• Common Mistakes: A sunny windowsill might seem like the perfect spot, but be wary of drafty windows or extreme temperature changes. And remember, heaters can dry out the air, so keep plants at a safe distance.

Watering and Feeding

Just like us, plants get thirsty and hungry. But their needs change when they move indoors.

  • Watering: Indoor plants typically need less water. Overwatering can be a plant's worst enemy. Make sure to check the soil's moisture level before giving your plant a drink.
  • Fertilizers: During winter, plants are in a rest phase and might not need as much food. If you do fertilize, do so sparingly and choose a balanced, water-soluble fertilizer.



And there we have it, fellow plant enthusiasts! Bringing your plants indoors doesn't have to be a daunting task. With a bit of knowledge and care, you can ensure they thrive and stay healthy.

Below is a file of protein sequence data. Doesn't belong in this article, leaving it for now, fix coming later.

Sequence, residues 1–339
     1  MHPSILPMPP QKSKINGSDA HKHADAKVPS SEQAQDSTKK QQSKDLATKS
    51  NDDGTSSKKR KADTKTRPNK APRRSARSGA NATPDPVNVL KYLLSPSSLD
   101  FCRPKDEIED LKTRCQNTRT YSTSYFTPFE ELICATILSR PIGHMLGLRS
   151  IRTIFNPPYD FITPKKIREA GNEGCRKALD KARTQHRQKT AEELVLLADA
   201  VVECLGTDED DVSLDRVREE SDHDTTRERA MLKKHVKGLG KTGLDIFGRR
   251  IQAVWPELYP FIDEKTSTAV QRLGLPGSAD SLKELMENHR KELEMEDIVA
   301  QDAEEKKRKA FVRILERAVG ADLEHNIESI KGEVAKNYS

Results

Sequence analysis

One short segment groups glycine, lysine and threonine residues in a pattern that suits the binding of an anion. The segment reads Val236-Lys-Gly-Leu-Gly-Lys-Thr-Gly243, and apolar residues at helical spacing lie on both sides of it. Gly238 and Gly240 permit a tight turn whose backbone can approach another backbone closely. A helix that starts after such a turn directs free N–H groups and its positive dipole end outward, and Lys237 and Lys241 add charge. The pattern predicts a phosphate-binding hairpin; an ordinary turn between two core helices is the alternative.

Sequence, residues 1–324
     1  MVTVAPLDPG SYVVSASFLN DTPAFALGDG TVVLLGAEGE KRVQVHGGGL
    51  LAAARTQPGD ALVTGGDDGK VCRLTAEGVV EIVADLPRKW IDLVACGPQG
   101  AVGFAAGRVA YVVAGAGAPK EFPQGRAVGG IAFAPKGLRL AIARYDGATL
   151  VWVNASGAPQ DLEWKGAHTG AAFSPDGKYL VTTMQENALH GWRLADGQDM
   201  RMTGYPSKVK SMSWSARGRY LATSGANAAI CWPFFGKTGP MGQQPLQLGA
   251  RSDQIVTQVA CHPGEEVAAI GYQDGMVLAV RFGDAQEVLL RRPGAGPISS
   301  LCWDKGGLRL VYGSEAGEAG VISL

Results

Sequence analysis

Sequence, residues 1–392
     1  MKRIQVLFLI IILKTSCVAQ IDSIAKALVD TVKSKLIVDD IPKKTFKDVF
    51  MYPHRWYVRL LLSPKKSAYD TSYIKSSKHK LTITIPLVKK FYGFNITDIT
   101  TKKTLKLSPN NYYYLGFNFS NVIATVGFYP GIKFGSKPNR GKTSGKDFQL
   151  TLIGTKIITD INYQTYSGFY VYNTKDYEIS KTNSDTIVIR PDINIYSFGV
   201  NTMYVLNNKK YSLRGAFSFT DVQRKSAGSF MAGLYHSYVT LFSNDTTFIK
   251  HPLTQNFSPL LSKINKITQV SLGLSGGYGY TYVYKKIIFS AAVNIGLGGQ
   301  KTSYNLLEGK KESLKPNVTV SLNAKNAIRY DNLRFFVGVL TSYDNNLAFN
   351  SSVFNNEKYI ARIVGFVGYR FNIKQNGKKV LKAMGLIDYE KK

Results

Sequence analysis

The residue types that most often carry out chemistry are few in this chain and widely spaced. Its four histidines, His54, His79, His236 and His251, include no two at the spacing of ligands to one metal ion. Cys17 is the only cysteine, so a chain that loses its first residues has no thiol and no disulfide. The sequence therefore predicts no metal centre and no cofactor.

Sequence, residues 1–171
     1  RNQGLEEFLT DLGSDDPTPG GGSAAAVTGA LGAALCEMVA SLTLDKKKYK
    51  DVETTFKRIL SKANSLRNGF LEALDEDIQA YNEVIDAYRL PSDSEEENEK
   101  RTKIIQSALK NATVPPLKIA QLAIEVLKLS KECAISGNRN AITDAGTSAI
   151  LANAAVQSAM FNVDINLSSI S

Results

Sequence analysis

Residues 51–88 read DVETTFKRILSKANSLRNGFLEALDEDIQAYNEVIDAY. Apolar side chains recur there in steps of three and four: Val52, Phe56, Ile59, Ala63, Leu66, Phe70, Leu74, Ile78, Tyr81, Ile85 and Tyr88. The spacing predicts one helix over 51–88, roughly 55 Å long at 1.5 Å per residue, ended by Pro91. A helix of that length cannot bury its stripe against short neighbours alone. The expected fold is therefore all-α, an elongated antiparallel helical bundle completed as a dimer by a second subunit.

Remember, it's all about understanding their needs and creating a comfortable environment for them. So, here's to happy plants and even happier plant parents! Cheers!



Han, K. T., Ruan, L. W., & Liao, L. S. (2022). Effects of Indoor Plants on Human Functions: A Systematic Review with Meta-Analyses. International journal of environmental research and public health, 19(12), 7454. https://doi.org/10.3390/ijerph19127454 

Phillips, C, & Schulz, E. (2021). Greening home: caring for plants indoors. Australian Geographer, 52(4), 373-389, DOI: 10.1080/00049182.2021.2014021